If your boat lies unattended, even for a short time—be it in a marina, (in or out of the water), or on a mooring—it doesn't take long for it to become grubby, from bird droppings or wind blown dust. For all the many intricate and expensive devices available to deter birds and keep decks and cockpits clean, an awning is the simplest and most effective method. This is particularly true if you want to protect a large cockpit, a Bimini, or hatch.
I particularly wanted to cover the center cockpit and Bimini on my 45’ foot schooner, Britannia, to shield if from the Florida sun as much as anything. The enclosure leaked a little and I never met one which didn't, especially during some of the horrendous cloudbursts on summer afternoons in The Sunshine State.
Of course, it's always possible to have an awning custom made, at any canvas or sail makers loft—for a price—and considerably more than the one I concocted.
The simplest and easiest way to create an awning is to buy a cheap plastic “tarp” from your local DIY store, drape it over a boom and attach it to the rails with bungee shock-cord, to basically form a simple tent or lean-to. The main boom on Britannia passes straight over the cockpit, so making a tent was easy. Most tarps have eyelets every 18” inches or so all round, so threading bungee shock-cord through and hooking the other end to the rail was simplicity itself.
However, as might be expected, such a simple solution has its inadequacies: First, you can only cover the area where there is a support boom. Second, if you anchor the sides down to a rail it can become a bit of a scramble to edge along the side decks. Third, the tarp will probably rub against the sides of the Bimini, which can cause chafe to both materials in high winds. The forth shortfall tarp tent looks cheap—mainly because it is! What do you expect for under fifty dollars?
Canvas awnings can also be stretched between two poles attached to masts or rigging. They flap about alarmingly in even a slight breeze so sometimes they are attached with Bungee shock cord down to the rails. Water can also collect in a flat cover and become very heavy.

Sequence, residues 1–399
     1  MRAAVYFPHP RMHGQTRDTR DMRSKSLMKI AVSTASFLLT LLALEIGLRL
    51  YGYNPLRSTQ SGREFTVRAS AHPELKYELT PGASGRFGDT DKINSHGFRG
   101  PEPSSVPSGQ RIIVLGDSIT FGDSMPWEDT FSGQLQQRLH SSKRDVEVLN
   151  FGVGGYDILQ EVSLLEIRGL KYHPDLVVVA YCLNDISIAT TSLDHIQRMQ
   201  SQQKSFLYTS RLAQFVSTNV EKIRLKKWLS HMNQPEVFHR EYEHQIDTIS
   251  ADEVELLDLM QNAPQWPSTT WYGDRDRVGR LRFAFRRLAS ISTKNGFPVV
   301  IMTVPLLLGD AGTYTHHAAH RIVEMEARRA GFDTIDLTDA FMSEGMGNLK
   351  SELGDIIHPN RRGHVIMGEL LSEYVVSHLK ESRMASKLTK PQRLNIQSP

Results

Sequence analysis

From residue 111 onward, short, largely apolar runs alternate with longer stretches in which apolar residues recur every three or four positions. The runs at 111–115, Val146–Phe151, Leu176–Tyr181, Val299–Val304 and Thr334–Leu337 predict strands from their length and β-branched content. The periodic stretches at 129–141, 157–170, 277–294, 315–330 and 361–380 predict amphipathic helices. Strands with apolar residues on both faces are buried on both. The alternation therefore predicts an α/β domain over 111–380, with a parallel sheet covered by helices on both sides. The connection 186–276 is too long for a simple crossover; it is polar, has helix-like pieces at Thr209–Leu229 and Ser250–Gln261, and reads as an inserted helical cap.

I wondered how to overcome all these shortcoming and make an awning that was both more effective and looked more professional.
An idea sprung from seeing covered wagons in an old Wild West movie and I decided to try to make a curved cover like those wagons. Such an arrangement might also hold the tarp clear of the Bimini and allow air to pass between. It should also offer more headroom along the side decks ands overcome the access problem.
I bought a 12’ x 16’ foot tarp from my local hardware store, which nicely fitted my main boom length of 16’ feet and the boats beam at that point of 13’ feet, tapering down to 10’ feet towards the stern. As an added benefit the awning also extended over the aft hatch. Tarps are available in many different sizes and colors, so it should not be difficult to find or tailor one to suit almost any boat.
I then needed three curved support bars. I found these at tent pole technologies, who sell demountable poles (www.tentpoletechnologies.com). These types of poles are in 21” inch sections which slot into each other, so they are easy to stow when the awning is not in use. I bought three aluminum sections of different lengths to fit well clear of the main boom. I then fastened three short lengths of 1/2” inch pipe to the stanchions each side of the boat using hose clips, after first taping the stanchions to prevent scratching by the clips. The awning rods easily curved over the boom and into these sockets, forming three perfect arches.
After dragging the tarp over the boom I used cable ties to strap it securely to the rods, through the eyelets in the front and back of the tarp. I then used 1/4” inch line to secure the awning round the mast and a cable tie at the rear to fasten it to the end of the boom. I could only fasten the center support rod at the edges of the tarp, but it has stayed in place so far in all winds.
I then bought ten 3’ foot lengths of bungee shock cord, (blue color to match the rest of the boat), with per-made hooks on each end to anchor the tarp to the side lifelines and the front and rear rods. All that was needed to attach the cord to the tarp was to cut the hook of one end, then thread it through an eyelet in the tarp and tie a single overhand knot to stop it slipping out.. The central arch not only supported the middle of the long tarp, but it provided more room to get under the awning and made it look neater. Shorter awnings than Britannia’s might not need a center support This completed what is really a simple structure,
Dismantling the awning when we wanted to go sailing actually proved to be quite simple, and my wife and I soon became proficient. Leaving the two center fastenings front and back still attached, the shock-cord is unclipped and the rods removed from their sockets. The rods are pulled out fhen unscrewed, and one side of the awning folded over the other while still attached to the boom at both ends. Depending which way the wind is blowing (to make it easier), we then remove either the front or rear center attachment and the awning can be tightly rolled up along with the rods. I tie the rolled up tarp to the lower lifelines on my boat, where it is out of the way, again using bungee shock-cord.
Like I said, keep in mind my title, because this inexpensive awning effectively protects Britannia’s canvas Bimini from the fierce Florida sun as well as any expensive custom made cover. Temperatures in the cockpit are also significantly lower than when the awning is not fitted, and I can comfortably get along the side decks.
consider this to be more than enough reward for the financial outlay and small effort. I can even put up with the occasional remark that it “looks like a replica of a Conestoga wagon,” because envy is just another form of flattery...